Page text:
Jobs @ MG
Pro-Israel lobby intimidates journalists
|Last week Britain’s ITV showed John Pilger’s documentary, Palestine is Still the Issue. The film told a basic truth that is routinely suppressed - that a historic injustice has been done to the Palestinian people, and until Israel's illegal and brutal occupation ends, there will be no peace for anyone, Israelis included. Most of the film allowed people to tell their eyewitness stories, both Palestinians and Israelis. The film included a sequence showing excrement smeared by Israeli soldiers in a room of children's paintings. The documentary’s historical adviser, Professor Ilan Pappé, is an Israeli historian.
The zionist lobby has called the film "inaccurate", "historically incorrect" and "a tragedy for Israel". Many of the emails denouncing the film are coming from America, where it has not been shown. At the heart of this is a failure to acknowledge the overwhelming imbalance in the British media in favour of the Israeli point of view.
This general bias is verified by a remarkable study of the television coverage of the Middle East, conducted last May by the Glasgow University Media Group. The conclusions ought to shame broadcasters. The research shows that the public's lack of understanding of the conflicts and its origins is actually compounded by the "coverage". Viewers are rarely told that the Palestinians are victims of an illegal military occupation. The term "occupied territories" is rarely explained. Only 9% of young people interviewed know that the Israelis are both the occupiers and the illegal "settlers". The selective use of language is striking, says the study. Words such as "murder", "atrocity" and "terrorism" are used almost exclusively in relation to Israeli deaths. The extent to which broadcasters assume the Israeli perspective, says Prof Greg Philo, "can be seen if the statements are reversed ... We did not find any [news] reports stating that 'The Palestinian attacks were in retaliation for the murder of those resisting the illegal Israeli occupation.'"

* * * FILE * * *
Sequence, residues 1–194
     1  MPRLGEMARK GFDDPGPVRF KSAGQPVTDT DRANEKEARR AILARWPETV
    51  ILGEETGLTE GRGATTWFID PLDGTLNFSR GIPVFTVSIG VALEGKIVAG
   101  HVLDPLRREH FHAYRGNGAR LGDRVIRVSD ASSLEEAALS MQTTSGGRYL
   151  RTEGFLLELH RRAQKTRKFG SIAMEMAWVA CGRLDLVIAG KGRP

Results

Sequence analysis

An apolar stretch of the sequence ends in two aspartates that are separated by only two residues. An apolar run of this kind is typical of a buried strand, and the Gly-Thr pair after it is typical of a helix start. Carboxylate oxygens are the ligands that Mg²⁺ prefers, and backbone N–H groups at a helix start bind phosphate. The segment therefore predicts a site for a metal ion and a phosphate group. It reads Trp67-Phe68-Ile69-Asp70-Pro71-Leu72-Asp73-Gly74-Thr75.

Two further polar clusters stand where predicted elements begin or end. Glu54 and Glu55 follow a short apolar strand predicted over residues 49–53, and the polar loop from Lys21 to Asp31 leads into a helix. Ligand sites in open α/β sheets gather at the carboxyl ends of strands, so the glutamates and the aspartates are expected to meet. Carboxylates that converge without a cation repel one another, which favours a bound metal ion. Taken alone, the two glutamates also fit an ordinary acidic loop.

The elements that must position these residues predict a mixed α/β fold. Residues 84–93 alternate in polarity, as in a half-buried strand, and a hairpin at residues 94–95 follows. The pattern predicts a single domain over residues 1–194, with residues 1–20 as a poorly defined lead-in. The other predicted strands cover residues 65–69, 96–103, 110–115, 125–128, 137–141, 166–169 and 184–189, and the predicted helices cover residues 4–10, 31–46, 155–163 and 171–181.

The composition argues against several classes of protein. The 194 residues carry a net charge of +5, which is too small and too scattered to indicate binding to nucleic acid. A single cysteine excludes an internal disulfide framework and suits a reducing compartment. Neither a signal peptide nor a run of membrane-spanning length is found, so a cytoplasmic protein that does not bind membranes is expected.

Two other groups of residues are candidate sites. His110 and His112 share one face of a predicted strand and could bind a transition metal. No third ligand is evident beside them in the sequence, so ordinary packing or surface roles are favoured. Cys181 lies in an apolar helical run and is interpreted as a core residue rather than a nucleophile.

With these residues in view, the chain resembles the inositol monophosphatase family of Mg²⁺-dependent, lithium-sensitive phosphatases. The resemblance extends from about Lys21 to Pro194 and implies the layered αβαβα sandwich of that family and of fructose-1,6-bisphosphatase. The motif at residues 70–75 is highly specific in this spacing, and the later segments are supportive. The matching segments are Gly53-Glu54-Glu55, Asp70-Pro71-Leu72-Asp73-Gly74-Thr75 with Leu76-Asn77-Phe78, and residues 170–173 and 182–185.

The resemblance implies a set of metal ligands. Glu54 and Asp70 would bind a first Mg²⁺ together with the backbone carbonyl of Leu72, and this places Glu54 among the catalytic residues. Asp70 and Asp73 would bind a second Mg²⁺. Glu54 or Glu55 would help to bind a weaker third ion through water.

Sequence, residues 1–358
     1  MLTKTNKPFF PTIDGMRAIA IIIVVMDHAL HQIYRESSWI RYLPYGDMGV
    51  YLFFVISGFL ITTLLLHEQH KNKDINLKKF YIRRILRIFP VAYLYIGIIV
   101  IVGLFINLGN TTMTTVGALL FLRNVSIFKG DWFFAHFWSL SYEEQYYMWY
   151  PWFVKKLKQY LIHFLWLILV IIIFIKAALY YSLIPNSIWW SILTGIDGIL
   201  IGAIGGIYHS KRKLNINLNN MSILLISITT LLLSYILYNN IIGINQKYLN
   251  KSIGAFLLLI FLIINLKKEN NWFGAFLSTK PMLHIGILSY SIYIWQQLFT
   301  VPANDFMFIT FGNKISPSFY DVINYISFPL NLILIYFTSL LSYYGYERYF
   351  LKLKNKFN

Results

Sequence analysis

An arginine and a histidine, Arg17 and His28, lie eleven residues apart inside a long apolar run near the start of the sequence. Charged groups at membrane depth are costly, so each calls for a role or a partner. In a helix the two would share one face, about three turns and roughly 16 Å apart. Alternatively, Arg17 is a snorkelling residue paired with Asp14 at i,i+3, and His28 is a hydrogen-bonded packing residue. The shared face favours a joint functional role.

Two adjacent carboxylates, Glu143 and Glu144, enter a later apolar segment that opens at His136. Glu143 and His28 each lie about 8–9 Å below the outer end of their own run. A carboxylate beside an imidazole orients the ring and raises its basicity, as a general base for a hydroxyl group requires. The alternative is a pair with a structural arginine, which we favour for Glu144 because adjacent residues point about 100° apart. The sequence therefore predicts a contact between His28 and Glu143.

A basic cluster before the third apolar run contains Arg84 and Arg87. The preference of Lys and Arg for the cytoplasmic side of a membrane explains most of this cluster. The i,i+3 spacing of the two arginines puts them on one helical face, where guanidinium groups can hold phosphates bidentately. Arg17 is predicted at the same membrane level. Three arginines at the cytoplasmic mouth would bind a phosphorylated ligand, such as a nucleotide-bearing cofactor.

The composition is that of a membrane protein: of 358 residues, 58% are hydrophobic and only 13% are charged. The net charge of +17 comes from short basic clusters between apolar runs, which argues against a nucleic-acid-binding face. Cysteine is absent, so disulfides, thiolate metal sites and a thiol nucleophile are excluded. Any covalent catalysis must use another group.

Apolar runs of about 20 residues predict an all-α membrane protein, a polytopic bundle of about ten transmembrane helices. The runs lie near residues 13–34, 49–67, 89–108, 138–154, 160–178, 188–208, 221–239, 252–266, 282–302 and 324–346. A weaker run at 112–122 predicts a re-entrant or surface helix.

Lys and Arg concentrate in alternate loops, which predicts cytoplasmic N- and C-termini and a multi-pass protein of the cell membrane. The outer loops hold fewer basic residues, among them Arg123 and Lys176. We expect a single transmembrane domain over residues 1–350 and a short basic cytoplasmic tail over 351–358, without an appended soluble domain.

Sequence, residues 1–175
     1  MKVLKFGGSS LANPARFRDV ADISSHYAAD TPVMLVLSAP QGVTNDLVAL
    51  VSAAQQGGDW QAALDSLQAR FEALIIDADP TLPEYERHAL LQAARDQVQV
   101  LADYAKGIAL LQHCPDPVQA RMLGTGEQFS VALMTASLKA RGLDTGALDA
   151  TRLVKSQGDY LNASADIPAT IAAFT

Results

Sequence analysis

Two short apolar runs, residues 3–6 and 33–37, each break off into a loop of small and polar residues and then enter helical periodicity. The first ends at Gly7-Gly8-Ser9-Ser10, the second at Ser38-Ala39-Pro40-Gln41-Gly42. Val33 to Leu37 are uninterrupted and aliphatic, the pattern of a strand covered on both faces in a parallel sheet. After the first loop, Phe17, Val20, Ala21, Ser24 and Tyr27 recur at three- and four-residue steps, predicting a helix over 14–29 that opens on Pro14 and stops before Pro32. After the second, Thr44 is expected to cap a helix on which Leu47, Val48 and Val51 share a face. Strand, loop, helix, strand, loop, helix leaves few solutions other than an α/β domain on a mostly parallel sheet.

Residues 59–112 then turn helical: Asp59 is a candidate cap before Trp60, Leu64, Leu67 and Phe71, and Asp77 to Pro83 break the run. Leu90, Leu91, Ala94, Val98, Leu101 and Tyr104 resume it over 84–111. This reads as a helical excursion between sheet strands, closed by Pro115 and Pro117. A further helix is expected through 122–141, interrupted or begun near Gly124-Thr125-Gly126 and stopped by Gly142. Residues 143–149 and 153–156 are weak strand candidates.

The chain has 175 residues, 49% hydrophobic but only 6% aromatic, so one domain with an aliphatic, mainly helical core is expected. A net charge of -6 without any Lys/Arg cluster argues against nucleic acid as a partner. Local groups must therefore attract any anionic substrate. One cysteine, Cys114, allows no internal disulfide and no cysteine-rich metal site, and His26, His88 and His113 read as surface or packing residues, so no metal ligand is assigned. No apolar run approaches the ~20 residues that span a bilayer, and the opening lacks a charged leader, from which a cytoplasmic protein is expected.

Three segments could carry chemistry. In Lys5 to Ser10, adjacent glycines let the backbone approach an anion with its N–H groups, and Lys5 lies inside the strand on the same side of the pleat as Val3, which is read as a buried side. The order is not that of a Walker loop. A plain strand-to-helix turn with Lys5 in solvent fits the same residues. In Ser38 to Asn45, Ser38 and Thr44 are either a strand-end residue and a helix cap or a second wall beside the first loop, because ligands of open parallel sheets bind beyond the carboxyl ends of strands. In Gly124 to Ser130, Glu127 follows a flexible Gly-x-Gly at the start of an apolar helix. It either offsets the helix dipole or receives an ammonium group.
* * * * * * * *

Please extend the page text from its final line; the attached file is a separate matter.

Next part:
For years, journalists have complained about Zionist hate mail and the pressure of the "regular call from the Israeli embassy" to current affairs editors.
This can take a subtle form: pressure is applied to correspondents in Jerusalem, who then shape their reports accordingly in the interests of what they tell themselves is "balance", but is, in effect, censorship by omission. The system gets the Israelis off their backs and "makes life bearable". q
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